Plugin Management in Real Studio

We tend to have a lot of plugins installed at any given time. We have the full compliment of Einhugur, most of the Monkeybread (MBS) and a handful of others. However, not all projects need that full complement of plugins and the startup time of Real Studio suffers accordingly even on state of the art iMacs with 8 GB of RAM using SSD drives.

We tend to run 2 or 3 versions of Real Studio at a time because not all projects are on the most current IDE nor on the most up to date plugins. This can mean that we have the possibility of mixing plugin versions across our development staff.

Not every version of Real Studio can run all versions of the plugins. You’ll find this to be true in the 2012 R1 release as RS has changed the plugin API so some plugins may not work and cause the IDE to report errors (I believe there’s a workaround but I can’t find the email that contains that info).

The Real Studio IDE does not contain any information on plugin versions. Einhugur plugins contain some version information (which you can see in the Help -> Plugin References menu in you have any Einhugur plugins installed) but otherwise you’re on your own. I have my own person plugin archive that’s separated out by plugin vendor, plugin, and then by version. After talking with my developers we discovered that we all do it this way.

Is there a better way of managing this mess? One of the projects we purchased from True North Software is RBVersioner which holds some promise in helping manage plugins. I spent a few days working with it discovering how it works and I came to the conclusion that it doesn’t do anything for me. And since I’d like to think I’m an average RB user perhaps others would have similar thoughts. Which, of course, made me hesitate to spend a whole lot more time working on it.

So the question I have for you, my Real Studio friends, is do you think plugin management is an issue with Real Studio? In your ideal world (other than the IDE doing the management), what would your perfect utility for plugin management do?

I would love to see a utility where I can create a project ‘set’ and point it to a version of Real Studio (i.e. 2012 R1, 2011 R4.3, 2010 R5.1, etc) and it would be able to pull the plugin versions I’ve selected for that project. I’d love to be able to save any relevant information about any given plugins (min/max versions of Real Studio, targets supported or not supported, dependency information, vendor, release date, etc) and just tell the utility to install the correct plugin set and restart the correct version of Real Studio and automagically open the associated project. I’d also like a report generated for the set that contains Vendor, plugin name and version number so I can give that to my client when I hand project source code over to them. I’m not asking for much, no?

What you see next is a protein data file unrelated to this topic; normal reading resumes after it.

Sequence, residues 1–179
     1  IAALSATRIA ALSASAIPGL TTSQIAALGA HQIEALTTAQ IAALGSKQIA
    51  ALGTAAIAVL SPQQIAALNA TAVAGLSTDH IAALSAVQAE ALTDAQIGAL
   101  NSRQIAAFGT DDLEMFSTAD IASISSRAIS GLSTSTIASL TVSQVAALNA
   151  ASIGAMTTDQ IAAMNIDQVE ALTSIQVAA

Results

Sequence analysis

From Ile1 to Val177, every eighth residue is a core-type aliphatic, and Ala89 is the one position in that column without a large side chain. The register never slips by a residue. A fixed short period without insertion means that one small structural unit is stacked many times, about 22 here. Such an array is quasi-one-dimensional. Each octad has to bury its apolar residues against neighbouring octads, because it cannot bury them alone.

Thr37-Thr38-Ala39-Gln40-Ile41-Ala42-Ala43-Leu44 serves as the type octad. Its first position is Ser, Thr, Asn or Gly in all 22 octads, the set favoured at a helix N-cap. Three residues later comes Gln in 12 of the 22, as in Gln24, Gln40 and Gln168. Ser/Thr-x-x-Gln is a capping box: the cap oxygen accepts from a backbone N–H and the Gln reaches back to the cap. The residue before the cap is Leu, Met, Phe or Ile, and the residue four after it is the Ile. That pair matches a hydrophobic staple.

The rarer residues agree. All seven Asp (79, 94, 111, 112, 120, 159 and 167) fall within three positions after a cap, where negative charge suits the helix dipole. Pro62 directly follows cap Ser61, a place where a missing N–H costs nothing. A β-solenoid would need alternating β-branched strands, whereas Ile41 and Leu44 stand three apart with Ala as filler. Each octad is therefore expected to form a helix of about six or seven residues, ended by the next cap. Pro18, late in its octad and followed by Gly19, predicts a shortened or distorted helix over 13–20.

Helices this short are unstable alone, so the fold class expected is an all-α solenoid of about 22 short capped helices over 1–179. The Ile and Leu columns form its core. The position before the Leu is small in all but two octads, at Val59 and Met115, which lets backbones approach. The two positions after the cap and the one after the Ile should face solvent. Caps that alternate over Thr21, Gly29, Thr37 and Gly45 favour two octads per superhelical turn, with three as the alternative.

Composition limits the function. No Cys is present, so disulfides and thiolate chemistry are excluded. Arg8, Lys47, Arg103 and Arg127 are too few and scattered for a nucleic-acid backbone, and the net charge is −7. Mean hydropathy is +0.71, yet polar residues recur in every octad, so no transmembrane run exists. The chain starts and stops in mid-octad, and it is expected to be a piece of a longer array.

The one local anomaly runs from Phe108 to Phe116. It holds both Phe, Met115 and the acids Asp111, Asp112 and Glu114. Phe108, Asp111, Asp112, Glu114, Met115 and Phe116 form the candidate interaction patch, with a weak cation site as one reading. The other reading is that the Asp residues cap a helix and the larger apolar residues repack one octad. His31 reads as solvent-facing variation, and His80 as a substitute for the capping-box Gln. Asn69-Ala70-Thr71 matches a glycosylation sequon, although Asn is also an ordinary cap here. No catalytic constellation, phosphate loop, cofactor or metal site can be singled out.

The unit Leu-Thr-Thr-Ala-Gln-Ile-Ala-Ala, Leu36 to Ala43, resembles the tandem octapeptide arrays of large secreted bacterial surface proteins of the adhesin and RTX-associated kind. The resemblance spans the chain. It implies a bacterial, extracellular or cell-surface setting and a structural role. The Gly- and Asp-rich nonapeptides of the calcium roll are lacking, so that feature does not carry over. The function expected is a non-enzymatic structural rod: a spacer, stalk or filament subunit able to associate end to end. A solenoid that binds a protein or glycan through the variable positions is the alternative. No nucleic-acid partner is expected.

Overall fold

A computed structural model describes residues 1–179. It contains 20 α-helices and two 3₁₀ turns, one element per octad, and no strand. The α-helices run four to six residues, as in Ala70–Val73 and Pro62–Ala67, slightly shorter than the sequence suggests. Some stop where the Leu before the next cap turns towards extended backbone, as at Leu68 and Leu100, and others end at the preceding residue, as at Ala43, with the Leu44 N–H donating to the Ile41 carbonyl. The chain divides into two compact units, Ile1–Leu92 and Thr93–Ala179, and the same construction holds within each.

The first question that came to mind after I wrote down all of these ideas was this a solution really in search of a problem? After all I’ve been doing full-time Real Studio development for over ten years and somehow I’ve managed to get manual plugin management to work so far.

Is plugin management a problem for you? Would you spend $10 on a utility to make this easier?

23 thoughts on “Plugin Management in Real Studio

  1. Bob yes, you would get my 10 dollars ;-). It would be so beneficial to have some control on what is getting loaded at start up and compilation time. Cheers, Jeannot

  2. I would tell every plugin user about your tool 🙂
    Still the solution so far is to keep a set of the plugins needed for a project with the project (in svn) and have an alias point to that plugins when you load the project. You know that the plugins folder from Real Studio can be an alias or a symlink?
    Else you can simply use latest plugins which is normally the best for ours.

  3. This is a case of the tail wagging the dog. This problem really needs to be solved by RS. If RS puts it on their radar, you are probably looking at 2 to 3 year time frame for a solution from them.

    Bob, I would say you are not a typical user in that you are pushing the limits. What I suggest you do is develop out of DMGs per project(s). That way you can precisely control the environment including the IDE and plugins on a per project basis and you can store the DMGs in your favorite version repository. Maybe you could rewrite RBVersioner to create the DMG file. I would check out using aliases to save space in the DMG files.

  4. Our plugin management is terrible. But it is not a simple problem to solve, so we haven’t done so yet.

  5. For each of my projects in RS I have two branches in SVN – one for the code and one for the particular set of plugins that project is using. When I change projects I simply run a BAT-script that updates the source of the project, checks out the plugins needed and deletes the cache directories of RS.

    Didn’t know that the plug-in directory could be an alias. Haven’t tested on Windows but this will surely shorten the project-switching time – Thanks!